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UK's landfill strategy in danger, say waste chiefs

The UK’s 2020 landfill targets are at risk, local authority waste bosses have warned.

The Association of Directors of Environment, Economy, Planning & Transport (ADEPT) is concerned that the Government could be using out-of-date statistics to make key waste policy and investment decisions. It claims this could leave the country “unable to avoid potentially crippling landfill fines in the future”.

In a letter to environment secretary Owen Paterson (right), ADEPT calls for an urgent review of emerging waste trends so the UK can meet European Landfill Directive targets within seven years. The group fears that trends being relied on by the Government for its projections are out of kilter because of the recession.

Steve Kent, president of ADEPT and strategic adviser at Cheshire West and Chester Council, said: “There is now growing evidence that those trends are simply a medium-term adjustment and that, as the country starts to return to growth and as our population continues to increase, the UK will simply be ill-prepared to manage its waste properly.

“Current data is showing that more waste is being collected by local authorities across the country, but recycling rates are flattening and residual waste levels are on the rise. Those factors, combined with a gap in the amount of waste treatment capacity coming on-stream in the next few years, should be ringing alarm bells in Whitehall.”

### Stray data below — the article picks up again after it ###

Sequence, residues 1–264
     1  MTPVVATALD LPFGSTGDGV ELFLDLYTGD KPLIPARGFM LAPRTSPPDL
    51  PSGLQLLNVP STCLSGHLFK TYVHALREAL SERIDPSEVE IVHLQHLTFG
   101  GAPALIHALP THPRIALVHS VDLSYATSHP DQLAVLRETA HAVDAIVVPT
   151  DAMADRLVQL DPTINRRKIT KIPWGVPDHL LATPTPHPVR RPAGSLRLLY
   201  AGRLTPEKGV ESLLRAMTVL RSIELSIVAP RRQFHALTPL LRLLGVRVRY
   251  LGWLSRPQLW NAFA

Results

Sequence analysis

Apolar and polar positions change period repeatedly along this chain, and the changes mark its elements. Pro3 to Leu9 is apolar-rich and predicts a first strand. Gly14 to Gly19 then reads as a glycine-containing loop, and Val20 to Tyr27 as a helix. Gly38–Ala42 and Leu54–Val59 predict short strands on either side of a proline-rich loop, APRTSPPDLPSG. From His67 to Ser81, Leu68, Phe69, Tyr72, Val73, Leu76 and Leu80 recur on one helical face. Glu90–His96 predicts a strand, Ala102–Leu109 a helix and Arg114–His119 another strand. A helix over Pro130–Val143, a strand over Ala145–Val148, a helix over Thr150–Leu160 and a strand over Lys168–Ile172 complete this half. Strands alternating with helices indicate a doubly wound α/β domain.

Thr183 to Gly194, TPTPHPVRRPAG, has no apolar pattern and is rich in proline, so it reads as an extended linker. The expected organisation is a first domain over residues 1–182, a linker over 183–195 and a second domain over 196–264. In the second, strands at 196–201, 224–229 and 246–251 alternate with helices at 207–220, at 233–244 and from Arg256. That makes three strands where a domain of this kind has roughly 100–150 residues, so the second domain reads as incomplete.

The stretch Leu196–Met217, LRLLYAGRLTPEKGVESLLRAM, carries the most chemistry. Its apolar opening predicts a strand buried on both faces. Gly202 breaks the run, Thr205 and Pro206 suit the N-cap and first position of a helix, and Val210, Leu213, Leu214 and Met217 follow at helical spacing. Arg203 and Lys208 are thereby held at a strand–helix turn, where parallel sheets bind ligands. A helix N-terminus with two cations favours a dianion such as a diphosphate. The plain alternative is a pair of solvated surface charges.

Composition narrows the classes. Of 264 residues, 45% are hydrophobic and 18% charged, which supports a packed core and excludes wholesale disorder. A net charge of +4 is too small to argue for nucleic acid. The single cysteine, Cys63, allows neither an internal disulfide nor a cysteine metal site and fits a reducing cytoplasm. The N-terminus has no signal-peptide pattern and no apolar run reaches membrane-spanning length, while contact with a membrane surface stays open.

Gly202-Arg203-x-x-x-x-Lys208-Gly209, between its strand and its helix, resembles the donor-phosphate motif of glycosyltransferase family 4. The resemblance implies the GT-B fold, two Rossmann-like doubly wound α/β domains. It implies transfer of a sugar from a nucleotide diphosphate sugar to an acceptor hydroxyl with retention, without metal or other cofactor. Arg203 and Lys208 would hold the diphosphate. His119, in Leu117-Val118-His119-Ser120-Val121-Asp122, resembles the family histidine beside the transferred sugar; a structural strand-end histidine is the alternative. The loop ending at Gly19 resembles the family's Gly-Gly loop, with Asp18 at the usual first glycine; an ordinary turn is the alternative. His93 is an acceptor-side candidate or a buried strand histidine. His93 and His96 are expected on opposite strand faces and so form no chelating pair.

ADEPT has previously raised concerns about the withdrawal of the Government’s PFI funding for three waste projects in February. The projects affected are: Bradford and Calderdale; Merseyside Recycling and Waste Authority and Halton; and North Yorkshire and City of York.

In the letter to Paterson, ADEPT said the new waste trends are further evidence that the funding withdrawal was “short sighted in relation to the UK’s waste policy objectives”.

Readers' comments (1)

  • I have commented before that the reduction in total waste arisings was unexpected and that it was surprising that Defra did not appear to be interested in discovering what was happening or whether it was a permanent change. Perhaps they were over keen to claim they had met their objective of breaking the link between economic growth and waste.

    I am not sure I support ADEPT's call for restoration of PFI credits - but it is clear that something needs to be done to reinvigorate waste reduction and recycling in England.

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